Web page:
Generating the test data file:

Edit a perl script and call it testdata.pl:

Once you have made the script:

This will create the file phone_numbers.add. It will be in new line delimited format with some Redis commands prepended.

Loading sample data into Redis:

note the next command may error if redis is already running. You may ignore the error.

By default, Redis will store a .aof file that reloads this set into memory upon restarting the Redis server.  If you do not want this behavior, you can change it in the redis configuration file.

We will pretend that we have millions of values in our set similar to the following: 5012204024 which is the contact number for HP Belize Adventures.  By the way, if you want a fabulous dive experience on your trip to Belize, Hugh Parkey’s (http://www.hpbelizeadventures.com/) is truly a class act.   Who knows, there might be good national security value in knowing who dives with this particular organization. A couple of quick checks:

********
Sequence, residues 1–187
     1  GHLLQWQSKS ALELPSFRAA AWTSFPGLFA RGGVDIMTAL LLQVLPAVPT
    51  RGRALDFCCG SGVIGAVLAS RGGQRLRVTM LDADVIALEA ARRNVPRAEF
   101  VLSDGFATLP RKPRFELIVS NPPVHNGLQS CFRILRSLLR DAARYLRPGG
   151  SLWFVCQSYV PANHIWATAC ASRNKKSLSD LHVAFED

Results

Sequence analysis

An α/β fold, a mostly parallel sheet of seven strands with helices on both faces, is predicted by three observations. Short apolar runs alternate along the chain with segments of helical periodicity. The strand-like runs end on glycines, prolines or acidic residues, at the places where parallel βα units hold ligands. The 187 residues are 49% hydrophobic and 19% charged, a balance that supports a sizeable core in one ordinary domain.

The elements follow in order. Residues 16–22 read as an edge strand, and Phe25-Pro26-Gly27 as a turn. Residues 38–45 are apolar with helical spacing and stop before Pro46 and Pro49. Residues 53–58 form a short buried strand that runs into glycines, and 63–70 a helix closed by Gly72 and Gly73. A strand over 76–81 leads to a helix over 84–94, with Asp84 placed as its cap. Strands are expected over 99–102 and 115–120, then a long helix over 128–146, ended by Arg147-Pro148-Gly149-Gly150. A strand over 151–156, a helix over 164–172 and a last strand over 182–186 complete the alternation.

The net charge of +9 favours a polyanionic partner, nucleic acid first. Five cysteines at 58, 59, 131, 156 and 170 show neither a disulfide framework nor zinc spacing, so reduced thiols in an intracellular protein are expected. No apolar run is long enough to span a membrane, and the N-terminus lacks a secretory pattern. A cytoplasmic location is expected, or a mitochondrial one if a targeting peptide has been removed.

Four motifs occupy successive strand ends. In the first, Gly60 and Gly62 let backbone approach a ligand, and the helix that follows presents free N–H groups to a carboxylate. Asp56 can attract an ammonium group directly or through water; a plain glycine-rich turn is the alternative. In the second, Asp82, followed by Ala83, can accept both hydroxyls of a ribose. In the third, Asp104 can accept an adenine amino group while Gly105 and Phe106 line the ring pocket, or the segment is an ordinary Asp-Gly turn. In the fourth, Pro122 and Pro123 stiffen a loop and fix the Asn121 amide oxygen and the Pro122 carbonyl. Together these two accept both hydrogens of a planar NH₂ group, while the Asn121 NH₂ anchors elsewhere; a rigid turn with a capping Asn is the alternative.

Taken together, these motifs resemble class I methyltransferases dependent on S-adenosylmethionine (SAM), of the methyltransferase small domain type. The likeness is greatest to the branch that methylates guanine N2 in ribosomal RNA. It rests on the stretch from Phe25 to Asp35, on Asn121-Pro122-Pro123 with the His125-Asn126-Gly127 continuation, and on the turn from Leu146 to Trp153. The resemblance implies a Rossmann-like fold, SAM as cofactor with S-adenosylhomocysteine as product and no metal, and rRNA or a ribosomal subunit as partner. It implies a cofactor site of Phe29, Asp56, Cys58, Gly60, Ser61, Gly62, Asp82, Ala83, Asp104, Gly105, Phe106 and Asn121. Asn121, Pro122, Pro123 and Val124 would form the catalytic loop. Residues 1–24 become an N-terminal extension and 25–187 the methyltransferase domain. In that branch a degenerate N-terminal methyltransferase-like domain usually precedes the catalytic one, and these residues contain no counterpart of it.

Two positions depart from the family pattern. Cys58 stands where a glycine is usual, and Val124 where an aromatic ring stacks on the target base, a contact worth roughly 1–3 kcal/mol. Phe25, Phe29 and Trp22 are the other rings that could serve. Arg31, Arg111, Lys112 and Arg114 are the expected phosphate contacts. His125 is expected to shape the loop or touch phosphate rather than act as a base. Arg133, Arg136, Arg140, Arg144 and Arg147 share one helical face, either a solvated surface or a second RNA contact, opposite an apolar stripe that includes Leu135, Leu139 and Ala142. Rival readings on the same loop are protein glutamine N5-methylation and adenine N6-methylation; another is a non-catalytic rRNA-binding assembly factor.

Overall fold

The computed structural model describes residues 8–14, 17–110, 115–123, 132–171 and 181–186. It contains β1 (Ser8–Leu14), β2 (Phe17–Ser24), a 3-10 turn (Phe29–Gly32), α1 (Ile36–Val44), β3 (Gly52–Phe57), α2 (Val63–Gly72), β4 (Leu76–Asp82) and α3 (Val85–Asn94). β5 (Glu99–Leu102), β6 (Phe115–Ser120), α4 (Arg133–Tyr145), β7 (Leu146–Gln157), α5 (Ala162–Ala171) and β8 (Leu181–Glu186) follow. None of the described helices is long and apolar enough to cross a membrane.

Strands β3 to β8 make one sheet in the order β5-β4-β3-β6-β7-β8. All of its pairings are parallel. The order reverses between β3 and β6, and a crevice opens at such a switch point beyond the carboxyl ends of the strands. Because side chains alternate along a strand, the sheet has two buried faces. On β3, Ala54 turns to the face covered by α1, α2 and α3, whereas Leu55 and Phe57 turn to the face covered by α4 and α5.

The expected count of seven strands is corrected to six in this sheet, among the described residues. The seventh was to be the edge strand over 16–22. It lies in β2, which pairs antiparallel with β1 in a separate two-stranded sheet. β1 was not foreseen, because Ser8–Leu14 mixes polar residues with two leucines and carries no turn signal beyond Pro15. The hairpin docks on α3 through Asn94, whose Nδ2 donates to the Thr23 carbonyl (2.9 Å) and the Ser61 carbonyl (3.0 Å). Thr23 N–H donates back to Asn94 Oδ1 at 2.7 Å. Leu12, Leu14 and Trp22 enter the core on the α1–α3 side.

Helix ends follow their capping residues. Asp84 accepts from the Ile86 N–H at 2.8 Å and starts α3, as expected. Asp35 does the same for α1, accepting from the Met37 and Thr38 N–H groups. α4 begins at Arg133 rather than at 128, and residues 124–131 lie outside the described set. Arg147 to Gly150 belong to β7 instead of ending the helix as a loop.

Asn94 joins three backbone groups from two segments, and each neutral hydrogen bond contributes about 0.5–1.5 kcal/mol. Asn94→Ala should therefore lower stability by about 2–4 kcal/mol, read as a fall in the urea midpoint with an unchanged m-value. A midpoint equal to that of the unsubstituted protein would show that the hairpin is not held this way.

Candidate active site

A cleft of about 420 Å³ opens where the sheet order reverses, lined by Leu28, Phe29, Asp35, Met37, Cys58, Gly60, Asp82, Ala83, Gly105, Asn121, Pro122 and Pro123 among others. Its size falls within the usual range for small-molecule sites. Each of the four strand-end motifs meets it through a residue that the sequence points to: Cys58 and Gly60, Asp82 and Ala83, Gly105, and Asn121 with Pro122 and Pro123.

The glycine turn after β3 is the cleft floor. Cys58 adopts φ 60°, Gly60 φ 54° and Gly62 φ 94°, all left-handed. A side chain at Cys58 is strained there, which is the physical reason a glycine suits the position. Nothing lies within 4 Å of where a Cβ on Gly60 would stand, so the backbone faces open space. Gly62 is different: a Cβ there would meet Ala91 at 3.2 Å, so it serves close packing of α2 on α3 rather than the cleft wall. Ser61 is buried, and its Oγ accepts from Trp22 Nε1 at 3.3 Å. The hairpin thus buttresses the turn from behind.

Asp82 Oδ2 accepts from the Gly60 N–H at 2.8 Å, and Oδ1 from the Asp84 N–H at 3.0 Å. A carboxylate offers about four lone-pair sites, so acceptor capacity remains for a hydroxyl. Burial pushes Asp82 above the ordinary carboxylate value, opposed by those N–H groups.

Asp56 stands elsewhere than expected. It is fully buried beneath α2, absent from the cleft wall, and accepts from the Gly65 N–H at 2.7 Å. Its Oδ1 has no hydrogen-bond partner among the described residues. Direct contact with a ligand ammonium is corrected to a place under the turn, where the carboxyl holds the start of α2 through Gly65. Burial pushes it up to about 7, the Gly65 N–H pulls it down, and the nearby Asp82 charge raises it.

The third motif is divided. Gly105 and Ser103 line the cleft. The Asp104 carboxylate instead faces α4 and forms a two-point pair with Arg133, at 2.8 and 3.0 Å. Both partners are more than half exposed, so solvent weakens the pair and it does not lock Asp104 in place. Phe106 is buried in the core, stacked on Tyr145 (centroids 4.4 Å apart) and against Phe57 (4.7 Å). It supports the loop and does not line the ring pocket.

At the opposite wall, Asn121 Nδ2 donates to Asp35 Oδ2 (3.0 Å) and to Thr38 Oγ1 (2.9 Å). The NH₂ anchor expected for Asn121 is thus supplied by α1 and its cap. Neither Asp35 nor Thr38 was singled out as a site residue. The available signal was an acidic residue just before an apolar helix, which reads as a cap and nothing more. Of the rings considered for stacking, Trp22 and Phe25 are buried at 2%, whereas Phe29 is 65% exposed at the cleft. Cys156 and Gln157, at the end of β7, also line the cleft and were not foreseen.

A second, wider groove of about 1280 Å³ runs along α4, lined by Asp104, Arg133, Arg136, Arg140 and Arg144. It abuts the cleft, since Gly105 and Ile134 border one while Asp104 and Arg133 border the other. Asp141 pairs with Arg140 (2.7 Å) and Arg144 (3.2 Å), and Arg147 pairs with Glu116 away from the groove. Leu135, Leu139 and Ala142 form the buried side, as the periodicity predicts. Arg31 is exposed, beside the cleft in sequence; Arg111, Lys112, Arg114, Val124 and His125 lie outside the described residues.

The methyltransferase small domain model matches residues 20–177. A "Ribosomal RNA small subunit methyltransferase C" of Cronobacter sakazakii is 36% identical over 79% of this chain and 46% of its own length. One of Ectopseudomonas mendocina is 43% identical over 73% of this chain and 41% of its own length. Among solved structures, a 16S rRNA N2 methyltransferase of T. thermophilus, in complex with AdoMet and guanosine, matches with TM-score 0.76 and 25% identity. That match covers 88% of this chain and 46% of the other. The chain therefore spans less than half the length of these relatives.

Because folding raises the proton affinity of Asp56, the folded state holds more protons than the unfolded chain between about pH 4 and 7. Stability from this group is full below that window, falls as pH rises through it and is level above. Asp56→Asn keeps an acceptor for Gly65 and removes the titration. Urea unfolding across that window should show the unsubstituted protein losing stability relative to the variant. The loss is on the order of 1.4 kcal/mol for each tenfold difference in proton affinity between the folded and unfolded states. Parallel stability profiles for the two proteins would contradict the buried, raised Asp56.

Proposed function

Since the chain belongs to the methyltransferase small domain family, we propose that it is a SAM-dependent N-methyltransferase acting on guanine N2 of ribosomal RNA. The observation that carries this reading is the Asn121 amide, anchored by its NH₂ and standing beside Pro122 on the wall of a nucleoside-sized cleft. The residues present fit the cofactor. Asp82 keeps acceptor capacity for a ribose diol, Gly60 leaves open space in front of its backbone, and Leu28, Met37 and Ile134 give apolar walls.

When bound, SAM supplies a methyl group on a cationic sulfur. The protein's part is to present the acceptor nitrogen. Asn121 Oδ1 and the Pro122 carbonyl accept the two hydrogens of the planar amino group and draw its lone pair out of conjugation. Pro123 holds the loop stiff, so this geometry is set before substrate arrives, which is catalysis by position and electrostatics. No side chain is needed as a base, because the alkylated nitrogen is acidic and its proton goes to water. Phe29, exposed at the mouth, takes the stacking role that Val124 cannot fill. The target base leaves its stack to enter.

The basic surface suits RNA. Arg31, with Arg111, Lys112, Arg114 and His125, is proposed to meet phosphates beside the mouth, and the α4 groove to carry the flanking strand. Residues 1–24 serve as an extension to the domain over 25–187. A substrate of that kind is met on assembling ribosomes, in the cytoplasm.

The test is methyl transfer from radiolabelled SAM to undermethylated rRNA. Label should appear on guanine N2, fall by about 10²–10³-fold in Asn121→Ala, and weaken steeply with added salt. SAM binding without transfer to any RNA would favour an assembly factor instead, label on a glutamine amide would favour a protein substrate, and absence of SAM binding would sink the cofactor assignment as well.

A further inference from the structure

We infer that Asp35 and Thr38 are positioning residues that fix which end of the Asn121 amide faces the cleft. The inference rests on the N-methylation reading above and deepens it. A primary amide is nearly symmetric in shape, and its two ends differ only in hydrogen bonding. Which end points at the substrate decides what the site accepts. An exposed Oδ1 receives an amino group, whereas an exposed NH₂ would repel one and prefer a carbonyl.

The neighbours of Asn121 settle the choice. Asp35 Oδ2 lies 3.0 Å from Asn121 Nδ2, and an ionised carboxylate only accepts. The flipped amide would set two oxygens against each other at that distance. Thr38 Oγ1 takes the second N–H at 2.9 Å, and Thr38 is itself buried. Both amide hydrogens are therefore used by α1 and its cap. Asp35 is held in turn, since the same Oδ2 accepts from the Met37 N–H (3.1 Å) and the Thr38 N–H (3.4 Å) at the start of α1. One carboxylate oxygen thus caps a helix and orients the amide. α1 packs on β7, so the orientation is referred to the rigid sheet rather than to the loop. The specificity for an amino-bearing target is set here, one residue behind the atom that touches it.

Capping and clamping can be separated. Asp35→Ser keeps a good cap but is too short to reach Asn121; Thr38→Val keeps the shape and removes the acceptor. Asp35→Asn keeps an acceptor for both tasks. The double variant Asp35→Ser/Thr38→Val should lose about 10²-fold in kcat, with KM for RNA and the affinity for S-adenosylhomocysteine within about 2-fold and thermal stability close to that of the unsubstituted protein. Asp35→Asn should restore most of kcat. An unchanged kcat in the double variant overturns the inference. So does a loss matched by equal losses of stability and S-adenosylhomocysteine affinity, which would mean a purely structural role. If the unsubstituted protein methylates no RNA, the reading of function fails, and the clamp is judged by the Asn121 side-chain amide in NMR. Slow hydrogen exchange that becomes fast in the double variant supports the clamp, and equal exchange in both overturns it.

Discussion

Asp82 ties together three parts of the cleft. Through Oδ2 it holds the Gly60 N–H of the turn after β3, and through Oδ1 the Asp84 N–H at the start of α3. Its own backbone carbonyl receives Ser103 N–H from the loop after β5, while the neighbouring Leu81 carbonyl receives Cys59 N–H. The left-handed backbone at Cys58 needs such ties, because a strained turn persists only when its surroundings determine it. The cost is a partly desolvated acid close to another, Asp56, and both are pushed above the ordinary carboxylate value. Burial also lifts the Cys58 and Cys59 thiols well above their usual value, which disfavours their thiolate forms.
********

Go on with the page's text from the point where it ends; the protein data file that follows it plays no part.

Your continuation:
This should return an integer equal to the unique number of values in your input, in this case 9000.

This should return integer value of 1 if it is the data set and 0 if it is not.  In my case, this should and does return the value of 1.

Splunk Redis Lookup:

So the easy part is done.  We have installed Redis, transformed our data and loaded it into Redis.  We now have to prep Splunk to play nicely with Redis.  This going to require a dynamic external lookup (in the form of a python script).  The python script is a fairly straight forward piece of code.

 REDIS Lookup Python Script:

Create the following Python script. This will be the external lookup python script to talk to Redis.

Paste in the following script. Make sure you update the hashbang path to your Python installation if you need to change it.

Setting up the Lookup in Splunk:

Next we must define an external lookup.